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Prof. Jovi Dacanay Abstract + Slides + DP + Profile

Sustainability of the Sardine Fishery in Zamboanga: A Bioeconomic Approach

Overfishing is claimed to be a phenomena in the Philippine fishery. Coastal fishing countries have resorted to coastal management programs, among which includes the establishment of individual transfer quota schemes. Contrary to expectations, fishing countries have cooperatively established relatively effective international management plans for a few stocks of fish known as highly migratory species (HMS), such as tuna, mackerel and sardines. These successes have been sporadic and belated, but fishing countries have been able to curb effort targeting certain stocks, reducing the rate of extraction. This in turn has allowed the population, or biomass, of these stocks to rebuild to more productive levels. For instance, scientifically based catch limits have been adopted in some cases, along with quota distribution systems. Moreover, the development of trade-based monitoring and enforcement mechanisms has improved compliance, although the equitable implementation of such measures remains problematic to this day.

The maximum sustainable yield for Philippine capture fisheries was estimated at 1.9 million metric tons based on a scientific consensus since the 1980s. The central question of the study revolves around the following: will a 1.9 million metric ton maximum sustainable yield for the Fishery in the Philippines sustain a commercially profitable sardine industry in Zamboanga? A consequence of this estimated maximum sustainable yield is that roughly a 128,250 (45%) metric ton annual yield for all deep sea coastal sardine fishing firms in Zamboanga city will have to be sustained or achieved.

The key area for study consists, therefore, in how a quota scheme would be successfully implemented given heterogeneity in the yield capacity of municipal and deep sea coastal fishing vessels, and, effort or labor hours devoted by fishermen. The technology involved in fishing has not changed significantly, thus, production processes have not altered. But man-hours devoted to fishing has increased, with the high possibility of exhausting fish stock.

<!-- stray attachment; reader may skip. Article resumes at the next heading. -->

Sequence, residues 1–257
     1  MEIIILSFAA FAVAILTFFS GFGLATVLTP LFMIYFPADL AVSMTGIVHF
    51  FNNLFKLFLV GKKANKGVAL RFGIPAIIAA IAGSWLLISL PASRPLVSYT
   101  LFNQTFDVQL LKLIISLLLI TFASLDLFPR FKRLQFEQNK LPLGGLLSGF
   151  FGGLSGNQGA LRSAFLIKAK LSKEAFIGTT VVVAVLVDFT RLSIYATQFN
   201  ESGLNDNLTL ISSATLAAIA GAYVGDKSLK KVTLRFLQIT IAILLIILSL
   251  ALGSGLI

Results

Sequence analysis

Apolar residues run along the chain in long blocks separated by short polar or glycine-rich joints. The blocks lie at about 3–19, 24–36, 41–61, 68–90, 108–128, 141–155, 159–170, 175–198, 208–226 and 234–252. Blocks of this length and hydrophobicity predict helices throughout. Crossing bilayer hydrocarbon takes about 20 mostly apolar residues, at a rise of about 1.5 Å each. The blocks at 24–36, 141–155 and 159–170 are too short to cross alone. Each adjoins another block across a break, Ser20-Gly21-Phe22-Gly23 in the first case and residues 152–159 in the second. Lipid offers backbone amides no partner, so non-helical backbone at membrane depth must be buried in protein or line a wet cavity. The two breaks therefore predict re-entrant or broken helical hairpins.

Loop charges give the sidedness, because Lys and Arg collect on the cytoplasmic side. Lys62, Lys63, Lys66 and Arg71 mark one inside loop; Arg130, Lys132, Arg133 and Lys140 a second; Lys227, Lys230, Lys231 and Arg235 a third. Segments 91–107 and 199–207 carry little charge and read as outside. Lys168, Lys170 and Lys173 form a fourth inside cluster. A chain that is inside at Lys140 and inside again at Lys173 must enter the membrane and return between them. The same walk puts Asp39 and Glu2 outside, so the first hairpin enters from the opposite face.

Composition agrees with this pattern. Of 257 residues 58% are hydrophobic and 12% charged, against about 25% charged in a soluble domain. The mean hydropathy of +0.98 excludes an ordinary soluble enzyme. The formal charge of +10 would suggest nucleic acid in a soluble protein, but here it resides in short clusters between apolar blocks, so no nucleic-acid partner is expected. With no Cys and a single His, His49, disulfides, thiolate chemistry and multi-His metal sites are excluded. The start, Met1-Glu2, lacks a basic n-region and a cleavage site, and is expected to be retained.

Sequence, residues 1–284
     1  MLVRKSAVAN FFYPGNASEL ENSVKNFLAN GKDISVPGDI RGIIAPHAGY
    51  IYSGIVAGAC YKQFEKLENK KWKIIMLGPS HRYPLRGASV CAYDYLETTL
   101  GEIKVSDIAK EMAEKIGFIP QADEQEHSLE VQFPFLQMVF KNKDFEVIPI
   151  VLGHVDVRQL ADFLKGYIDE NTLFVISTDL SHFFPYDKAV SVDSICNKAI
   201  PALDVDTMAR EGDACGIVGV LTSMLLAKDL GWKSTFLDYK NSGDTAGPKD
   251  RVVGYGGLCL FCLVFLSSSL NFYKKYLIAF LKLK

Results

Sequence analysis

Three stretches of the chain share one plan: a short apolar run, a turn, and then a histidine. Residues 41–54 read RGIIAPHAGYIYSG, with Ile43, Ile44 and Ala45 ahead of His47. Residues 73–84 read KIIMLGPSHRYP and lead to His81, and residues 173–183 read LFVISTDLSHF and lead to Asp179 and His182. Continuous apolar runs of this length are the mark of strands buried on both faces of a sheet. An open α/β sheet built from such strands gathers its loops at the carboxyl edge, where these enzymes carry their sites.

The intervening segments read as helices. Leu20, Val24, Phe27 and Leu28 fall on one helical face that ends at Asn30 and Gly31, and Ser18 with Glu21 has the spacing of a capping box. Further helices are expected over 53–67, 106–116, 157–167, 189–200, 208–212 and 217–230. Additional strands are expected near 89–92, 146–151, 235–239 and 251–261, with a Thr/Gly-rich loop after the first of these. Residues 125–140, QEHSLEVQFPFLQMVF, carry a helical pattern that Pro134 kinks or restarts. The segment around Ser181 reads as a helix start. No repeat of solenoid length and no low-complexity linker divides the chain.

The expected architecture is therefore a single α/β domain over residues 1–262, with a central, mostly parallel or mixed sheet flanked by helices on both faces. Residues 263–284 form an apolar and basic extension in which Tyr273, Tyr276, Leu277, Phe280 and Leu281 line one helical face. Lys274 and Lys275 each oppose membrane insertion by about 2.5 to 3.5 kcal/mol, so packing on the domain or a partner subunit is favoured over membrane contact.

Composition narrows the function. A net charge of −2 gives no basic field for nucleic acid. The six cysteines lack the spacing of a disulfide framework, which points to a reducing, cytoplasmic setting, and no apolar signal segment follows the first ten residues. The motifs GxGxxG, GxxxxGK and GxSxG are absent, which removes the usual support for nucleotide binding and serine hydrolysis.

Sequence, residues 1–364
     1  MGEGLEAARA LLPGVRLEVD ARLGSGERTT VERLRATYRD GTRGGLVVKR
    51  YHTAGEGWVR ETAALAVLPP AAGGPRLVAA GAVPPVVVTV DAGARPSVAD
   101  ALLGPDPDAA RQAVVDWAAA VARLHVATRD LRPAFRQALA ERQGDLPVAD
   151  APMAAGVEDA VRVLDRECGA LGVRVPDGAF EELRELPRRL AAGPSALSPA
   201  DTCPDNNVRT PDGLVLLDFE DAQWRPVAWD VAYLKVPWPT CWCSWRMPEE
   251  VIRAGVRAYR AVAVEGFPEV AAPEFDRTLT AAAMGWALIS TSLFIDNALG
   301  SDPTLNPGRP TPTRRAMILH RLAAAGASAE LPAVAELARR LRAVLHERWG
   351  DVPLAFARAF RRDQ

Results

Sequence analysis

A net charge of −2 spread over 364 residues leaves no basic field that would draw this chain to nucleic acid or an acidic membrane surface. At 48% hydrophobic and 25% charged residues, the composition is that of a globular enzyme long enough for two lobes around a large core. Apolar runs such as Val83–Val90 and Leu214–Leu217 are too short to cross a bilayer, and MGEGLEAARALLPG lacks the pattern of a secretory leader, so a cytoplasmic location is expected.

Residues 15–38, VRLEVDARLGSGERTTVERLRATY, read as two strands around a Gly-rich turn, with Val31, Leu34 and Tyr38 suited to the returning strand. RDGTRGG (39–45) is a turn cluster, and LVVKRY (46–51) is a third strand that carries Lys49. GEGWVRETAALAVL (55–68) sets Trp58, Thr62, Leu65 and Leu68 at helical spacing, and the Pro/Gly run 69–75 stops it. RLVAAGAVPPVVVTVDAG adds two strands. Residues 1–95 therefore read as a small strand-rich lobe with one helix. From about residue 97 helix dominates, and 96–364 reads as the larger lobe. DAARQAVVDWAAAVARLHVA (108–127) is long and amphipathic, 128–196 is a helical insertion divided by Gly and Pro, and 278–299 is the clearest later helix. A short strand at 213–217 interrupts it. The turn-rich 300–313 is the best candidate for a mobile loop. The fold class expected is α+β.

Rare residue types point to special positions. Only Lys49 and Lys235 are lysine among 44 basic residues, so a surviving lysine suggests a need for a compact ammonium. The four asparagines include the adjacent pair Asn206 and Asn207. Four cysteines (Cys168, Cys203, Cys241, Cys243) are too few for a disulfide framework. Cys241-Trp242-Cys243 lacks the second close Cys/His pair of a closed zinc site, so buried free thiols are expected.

The study uses the standard bioeconomic model formulated by Gordon (1954) and Shaeffer but adapted to incorporate a monetized yield function due to the inaccessibility of sardines biomass data. With the use of a representative firm’s data on monthly yield per catcher vessel and price from 1996 to 2007, a monetized yield function was constructed and estimated using seasonality of catch and effort as explanatory variables. Anderson (1976) used the same variables in order to denote productivity of effort and technological capacity of the vessels. These variables would be akin to the use of capital and labor to explain yield, thereby using the production function to explain harvest. The regression estimation procedure yielded effort levels which would allow the participating firms to achieve a 4.3% net profit level while limiting catch to allow the fishery to maintain its planned maximum sustainable yield of 128,250 metric tons, an estimate from the 1.9 million metric tons for the Philippine fishery. The results show the feasibility of implementing an individual transferable quota scheme for the Zamboanga fishery, a more sustainable policy than the currently implemented 3-month closure of the Zamboanga fishery.

Seminar 14 Slides
Seminar 14 Discussion Paper
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Jovi C. Dacanay graduated BS Statistics and MA Economics in the University of the Philippines, Diliman, MS Industrial Economics at the University of Asia and the Pacific (formerly Center for Research and Communication), and, is currently pursuing her PhD Economics at the Ateneo de Manila University. She lectures in Mathematical Statistics, Social Economics and Research Seminar in the University of Asia and the Pacific. Her research includes industrial economics, industrial organization of health care markets and the economics of film.

Lecturer and Economist
School of Economics
University of Asia and the Pacific
Business Address
Pearl Drive corner St. Josemaría Escrivá Drive
Ortigas Business Center, Pasig City (1605), Philippines
(063) 637-0912 to 0926

E-mail Address
jovi.dacanay@uap.asia
jovicdacanay@gmail.com
jovicdacanay@yahoo.com

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